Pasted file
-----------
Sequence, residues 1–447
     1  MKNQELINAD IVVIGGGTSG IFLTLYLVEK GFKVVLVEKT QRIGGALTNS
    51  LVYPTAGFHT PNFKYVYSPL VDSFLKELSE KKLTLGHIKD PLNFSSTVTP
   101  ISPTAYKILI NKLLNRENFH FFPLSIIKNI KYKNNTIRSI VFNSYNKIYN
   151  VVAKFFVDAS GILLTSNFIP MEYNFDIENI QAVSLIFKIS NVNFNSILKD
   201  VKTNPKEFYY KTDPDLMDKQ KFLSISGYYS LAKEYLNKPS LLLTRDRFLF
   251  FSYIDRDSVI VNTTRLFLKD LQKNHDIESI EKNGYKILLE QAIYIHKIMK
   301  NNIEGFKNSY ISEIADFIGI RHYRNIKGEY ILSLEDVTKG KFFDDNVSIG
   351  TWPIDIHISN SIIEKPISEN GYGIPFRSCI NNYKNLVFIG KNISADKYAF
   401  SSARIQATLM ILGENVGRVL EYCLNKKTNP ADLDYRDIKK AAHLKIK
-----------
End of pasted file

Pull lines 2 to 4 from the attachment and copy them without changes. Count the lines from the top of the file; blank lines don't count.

     1  MKNQELINAD IVVIGGGTSG IFLTLYLVEK GFKVVLVEKT QRIGGALTNS
    51  LVYPTAGFHT PNFKYVYSPL VDSFLKELSE KKLTLGHIKD PLNFSSTVTP
   101  ISPTAYKILI NKLLNRENFH FFPLSIIKNI KYKNNTIRSI VFNSYNKIYN